I always enjoy the emails I get around Thanksgiving. Poems and quotes about being thankful and looking for the little blessings that surround us all. Well, this Thanksgiving I got a little different email that I wanted to share with all of you. It made me think about my life and the insignificant little worries that I let weigh me down. This was from a friend that is a dentist in Beaver, Utah.
“Today my scheduling coordinator came back to the room with a frightened look on her face. She said ‘Dr Howard there’s a homeless guy outside on a bike, and I think he’s coming in here. What should I do?’ I said, ask him what we can do for him. She said, well, hurry come & look. I looked out the window. In the parking lot is a man about 6’1″ upper 60′s. Dirty as a swamp rat. Hands, face and arms are black from dirt. He has a thin greased stained T-shirt. Long John’s with a pair of cut off camouflage pants that are cut off short, so mostly you see the dirty thermals extending down to his ankles. He has sunglasses and a tattered Australian style hat with a chin strap. He’s riding a yellow Honda trail 90 with a bicycle in tow attached to the back of it. The front tire of the bicycle is attached to the side of the trail 90 and the front forks are attached to the trail 90 seat. There are sleeping bags and packs attached to the bicycle and trail 90 in every possible position front to side to back leaving just enough space for him to slip his leg over the seat and sit down. I really regret not taking a picture, as words cannot describe it.
He entered in and to the front desk. He said he did not want to lose his teeth. He said he was a disabled American vet, and wanted to know if Medicare would pay for his dental work. From standing distance you could see his severely inflamed gums, and decayed teeth. A discussion ensued with my front desk about whether or not Medicare would pay. He stating he wanted it to, she trying to explain Medicare would not pay. My assistant rushed back and asked me to come up and talk with him. Reluctantly, I went to the front desk. He started explaining to me. I invited him to sit down, and while we talked I had my scheduling coordinator call the VA hospital, as they will sometimes pay us to do work for vets because we are in a rural area 3 hours from the nearest VA hospital. He talked and talked and basically told me his whole life story along with Vietnam experiences. He said he had come here for the winter. I explained this was not an agreeable place to spend a winter, as it gets extremely cold with lots of snow (we had 6″ of snow over the weekend and it was down to 3 degrees). I offered to put him up in a motel for awhile so he could have a shower and relax a bit. He vehemently refused saying there was no way he could be cooped up in a box like that. He said he loved the cold, and was perfectly at home in his tent in the trees. He praised me, and said I was a saint for being able to stay boxed up all day long helping people. I offered to buy his meals. He refused saying he eats like a king. He said he has his Disability pay deposited in a credit card account every month. He said he goes to IFA and buys a 50lb bag of wheat and another of barley. He said that would last him all winter. He kept saying how much he loves living in the trees and riding his bike around. He went on for a solid half hour. He said he loves to talk, and thanked me immensely for taking the time to talk to him because everyone else just gets freaked out and runs away, so he isn’t able to interact with people very often. He had a special type of dental coverage so they would not pay us to do it. There was only 1 clinic in 100 miles that was authorized for his plan. He was enthused to ride his bike there, so we gave him the phone # & address and he was on his way.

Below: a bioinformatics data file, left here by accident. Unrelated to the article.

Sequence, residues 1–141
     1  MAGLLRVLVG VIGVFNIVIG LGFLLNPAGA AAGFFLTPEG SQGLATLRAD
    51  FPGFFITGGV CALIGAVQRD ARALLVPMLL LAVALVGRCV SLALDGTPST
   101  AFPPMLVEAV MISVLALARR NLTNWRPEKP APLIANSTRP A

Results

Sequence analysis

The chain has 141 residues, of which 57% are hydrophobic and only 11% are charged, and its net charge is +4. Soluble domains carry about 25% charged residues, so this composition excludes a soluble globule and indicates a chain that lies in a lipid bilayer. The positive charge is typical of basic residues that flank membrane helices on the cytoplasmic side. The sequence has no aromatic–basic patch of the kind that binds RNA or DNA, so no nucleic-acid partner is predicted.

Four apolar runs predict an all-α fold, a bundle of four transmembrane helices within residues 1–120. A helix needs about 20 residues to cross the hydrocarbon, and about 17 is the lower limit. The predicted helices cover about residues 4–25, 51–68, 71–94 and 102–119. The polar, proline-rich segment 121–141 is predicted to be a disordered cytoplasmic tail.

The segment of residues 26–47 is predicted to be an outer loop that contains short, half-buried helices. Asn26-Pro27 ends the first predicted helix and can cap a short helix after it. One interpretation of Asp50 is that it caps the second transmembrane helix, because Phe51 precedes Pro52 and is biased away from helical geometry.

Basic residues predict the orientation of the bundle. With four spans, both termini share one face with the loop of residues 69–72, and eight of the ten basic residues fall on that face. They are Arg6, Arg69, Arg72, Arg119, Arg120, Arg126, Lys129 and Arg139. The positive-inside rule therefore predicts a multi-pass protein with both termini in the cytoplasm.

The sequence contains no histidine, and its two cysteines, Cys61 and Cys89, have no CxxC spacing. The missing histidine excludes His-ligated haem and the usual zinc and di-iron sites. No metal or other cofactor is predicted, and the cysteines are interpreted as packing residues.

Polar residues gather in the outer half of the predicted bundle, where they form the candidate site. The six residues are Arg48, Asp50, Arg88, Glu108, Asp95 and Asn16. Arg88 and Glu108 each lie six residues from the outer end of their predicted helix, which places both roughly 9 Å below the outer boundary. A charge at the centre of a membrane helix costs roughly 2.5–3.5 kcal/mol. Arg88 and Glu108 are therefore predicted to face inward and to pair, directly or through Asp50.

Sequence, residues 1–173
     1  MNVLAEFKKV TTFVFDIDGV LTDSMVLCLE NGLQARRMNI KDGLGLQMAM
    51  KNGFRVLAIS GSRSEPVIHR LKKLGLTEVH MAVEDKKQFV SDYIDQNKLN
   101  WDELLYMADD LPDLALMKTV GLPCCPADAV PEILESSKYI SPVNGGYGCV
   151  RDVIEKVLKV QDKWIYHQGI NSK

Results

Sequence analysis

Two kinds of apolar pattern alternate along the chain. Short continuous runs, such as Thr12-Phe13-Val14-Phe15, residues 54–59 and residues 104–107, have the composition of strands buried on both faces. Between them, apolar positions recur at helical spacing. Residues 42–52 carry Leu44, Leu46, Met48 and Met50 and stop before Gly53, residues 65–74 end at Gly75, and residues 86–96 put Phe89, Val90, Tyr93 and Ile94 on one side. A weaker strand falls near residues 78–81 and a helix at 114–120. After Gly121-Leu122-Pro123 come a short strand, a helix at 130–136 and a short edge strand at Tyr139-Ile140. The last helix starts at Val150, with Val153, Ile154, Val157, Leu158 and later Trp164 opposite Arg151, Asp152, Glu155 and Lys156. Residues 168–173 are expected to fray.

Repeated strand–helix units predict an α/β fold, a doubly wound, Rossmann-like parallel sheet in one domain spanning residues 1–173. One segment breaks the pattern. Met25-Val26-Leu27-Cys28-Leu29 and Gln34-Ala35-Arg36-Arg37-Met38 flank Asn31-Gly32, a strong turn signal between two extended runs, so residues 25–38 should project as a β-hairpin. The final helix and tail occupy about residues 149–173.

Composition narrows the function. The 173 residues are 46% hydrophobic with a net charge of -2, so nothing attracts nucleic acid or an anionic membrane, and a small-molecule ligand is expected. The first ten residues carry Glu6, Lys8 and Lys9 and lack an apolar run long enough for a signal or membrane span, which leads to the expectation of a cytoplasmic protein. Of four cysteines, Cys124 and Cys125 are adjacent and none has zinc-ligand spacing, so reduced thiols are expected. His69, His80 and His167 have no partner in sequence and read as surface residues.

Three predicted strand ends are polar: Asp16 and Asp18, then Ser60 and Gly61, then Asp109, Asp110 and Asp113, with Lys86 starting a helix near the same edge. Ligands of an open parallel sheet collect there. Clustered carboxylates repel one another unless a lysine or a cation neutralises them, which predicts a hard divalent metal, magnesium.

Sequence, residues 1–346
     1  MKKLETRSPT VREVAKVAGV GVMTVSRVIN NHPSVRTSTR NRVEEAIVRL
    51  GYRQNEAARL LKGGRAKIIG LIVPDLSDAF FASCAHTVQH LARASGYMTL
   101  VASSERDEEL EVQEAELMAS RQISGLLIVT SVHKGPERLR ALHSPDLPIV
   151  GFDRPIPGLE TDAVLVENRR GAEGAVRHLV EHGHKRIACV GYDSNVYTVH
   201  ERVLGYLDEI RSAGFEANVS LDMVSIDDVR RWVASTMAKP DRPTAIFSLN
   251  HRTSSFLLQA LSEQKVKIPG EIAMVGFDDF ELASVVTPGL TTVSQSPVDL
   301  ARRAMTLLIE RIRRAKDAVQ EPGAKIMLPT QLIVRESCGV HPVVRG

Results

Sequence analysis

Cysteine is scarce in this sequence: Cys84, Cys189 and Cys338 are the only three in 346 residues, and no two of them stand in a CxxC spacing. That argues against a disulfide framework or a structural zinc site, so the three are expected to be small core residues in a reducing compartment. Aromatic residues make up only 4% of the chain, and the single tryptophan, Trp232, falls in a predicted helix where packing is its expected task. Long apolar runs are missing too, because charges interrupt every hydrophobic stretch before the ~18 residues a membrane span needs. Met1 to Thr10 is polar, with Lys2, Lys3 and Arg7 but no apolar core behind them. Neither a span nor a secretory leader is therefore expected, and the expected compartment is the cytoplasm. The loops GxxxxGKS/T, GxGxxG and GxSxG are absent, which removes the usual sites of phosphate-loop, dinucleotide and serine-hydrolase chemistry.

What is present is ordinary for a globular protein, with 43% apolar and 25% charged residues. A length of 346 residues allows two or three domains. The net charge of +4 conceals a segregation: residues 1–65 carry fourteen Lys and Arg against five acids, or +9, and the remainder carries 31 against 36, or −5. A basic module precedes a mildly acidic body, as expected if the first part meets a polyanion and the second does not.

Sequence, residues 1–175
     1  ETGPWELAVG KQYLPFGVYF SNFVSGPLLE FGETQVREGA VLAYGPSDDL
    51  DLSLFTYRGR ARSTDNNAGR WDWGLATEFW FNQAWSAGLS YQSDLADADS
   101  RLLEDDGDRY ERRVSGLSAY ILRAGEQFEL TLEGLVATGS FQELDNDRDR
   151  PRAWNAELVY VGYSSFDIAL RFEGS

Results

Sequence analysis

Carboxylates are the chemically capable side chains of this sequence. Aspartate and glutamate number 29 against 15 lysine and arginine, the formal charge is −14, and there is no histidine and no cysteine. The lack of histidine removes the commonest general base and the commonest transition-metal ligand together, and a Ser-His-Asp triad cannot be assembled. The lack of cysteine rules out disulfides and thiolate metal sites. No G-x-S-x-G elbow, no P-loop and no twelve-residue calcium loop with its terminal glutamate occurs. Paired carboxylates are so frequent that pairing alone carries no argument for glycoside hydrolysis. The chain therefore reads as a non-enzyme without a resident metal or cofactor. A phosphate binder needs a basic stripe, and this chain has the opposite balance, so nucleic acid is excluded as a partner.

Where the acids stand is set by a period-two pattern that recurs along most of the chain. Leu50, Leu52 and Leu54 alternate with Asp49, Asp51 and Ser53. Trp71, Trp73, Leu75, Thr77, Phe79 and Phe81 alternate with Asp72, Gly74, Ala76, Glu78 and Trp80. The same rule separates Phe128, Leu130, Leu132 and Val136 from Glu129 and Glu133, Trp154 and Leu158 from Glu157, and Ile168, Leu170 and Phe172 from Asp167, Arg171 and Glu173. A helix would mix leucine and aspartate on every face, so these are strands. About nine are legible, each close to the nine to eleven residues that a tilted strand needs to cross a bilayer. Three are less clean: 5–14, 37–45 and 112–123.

As he left everyone in the office was crying. Amazing how we can at times get so crazy about our lives, and stuff going on, and here you have a man that feels like a king sleeping in the dirt, riding his bike, eating grain and just enjoying his freedom.
From now on I’ll think of him every time I get “bent out of shape” over something, and count my blessing every time I lite up the wood stove.”
May you all have a wonderful holiday season. I know I’m going to hug my family, be thankful for a heater, and listen to someone that just needs some of my time.
Dr. Michelle Jorgensen